In a new research paper, Califano and his colleagues report on their progress in finding that right combination of genetic markers. The goal is to develop a test that will catch all patients with cancer, and even some pre-cancerous conditions, without producing too many false positives — erroneous results that suggest the presence of cancer even though the patients don't actually have the disease.

Joseph Califano says early detection of these mouth and throat cancers could make a big difference in survival rates.

CALIFANO: "It's actually incredibly important. In an early stage we can cure about 90 percent of these head and neck cancers. And in later stages, cure rates are as low as 30 to 40 percent. So early diagnosis really is the key towards curing head and neck cancer."

Johns Hopkins medical researcher Joseph Califano published his findings in the new issue of the journal Clinical Cancer Research.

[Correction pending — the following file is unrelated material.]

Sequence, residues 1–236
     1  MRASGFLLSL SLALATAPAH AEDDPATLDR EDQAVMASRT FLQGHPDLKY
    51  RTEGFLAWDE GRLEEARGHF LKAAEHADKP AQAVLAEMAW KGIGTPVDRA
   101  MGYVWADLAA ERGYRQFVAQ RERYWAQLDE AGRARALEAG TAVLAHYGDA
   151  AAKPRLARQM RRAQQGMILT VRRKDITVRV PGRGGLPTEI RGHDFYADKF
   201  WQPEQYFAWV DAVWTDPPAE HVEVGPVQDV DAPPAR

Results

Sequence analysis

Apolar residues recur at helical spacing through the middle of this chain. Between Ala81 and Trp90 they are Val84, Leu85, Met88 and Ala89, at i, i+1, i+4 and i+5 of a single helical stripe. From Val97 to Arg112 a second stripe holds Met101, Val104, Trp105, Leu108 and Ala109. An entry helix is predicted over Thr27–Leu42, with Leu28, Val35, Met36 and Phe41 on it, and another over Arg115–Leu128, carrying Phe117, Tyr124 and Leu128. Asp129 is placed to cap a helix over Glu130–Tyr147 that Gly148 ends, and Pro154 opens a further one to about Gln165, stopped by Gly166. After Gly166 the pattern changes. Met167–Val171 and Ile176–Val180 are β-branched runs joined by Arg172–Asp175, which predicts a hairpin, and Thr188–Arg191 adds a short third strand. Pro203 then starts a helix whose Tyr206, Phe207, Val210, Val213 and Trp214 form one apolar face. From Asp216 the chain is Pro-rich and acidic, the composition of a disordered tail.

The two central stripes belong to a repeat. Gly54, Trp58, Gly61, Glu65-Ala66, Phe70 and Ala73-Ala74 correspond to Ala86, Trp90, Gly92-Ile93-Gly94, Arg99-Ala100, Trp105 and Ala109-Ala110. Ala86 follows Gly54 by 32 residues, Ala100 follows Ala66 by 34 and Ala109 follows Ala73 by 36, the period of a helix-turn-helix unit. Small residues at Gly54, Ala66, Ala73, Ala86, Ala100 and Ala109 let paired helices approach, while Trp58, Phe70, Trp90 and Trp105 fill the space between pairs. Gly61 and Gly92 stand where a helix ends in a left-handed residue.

A new study of children in New York indicates that young immigrants may be at special risk of lead poisoning. As Stasia DeMarco reports, a study by officials in New York City found that some imported products used by immigrants are apparently increasing their families' exposure to lead.

DeMARCO: Lead is a toxic metal that damages the brain, nervous system, kidneys and reproductive system. However, for many years, it was used as a pigment and preservative in paint, and added to gasoline to make engines run more efficiently. As its health hazards became indisputable, the U.S. government banned lead from house paint in 1978, and eliminated it from gasoline in 1995.

But lead is still around, especially on the walls of older buildings. Lead-based paint remains the primary cause of lead poisoning for children in the United States, with thousands of new cases every year. However, immigrant children are exposed to other sources as well, according to New York City's Health Dept.

CLARK: "Immigrant children were five times more likely than US-born children to have lead poisoning in New York City. We also found that children who had recently traveled and spent time in foreign countries were eleven times more likely to have lead poisoning than children who had not traveled."

DeMARCO: Nancy Clark is the city's assistant commissioner for environmental disease prevention. In 2002 and 2003, she led the first study to look at lead poisoning in New York City's immigrant children.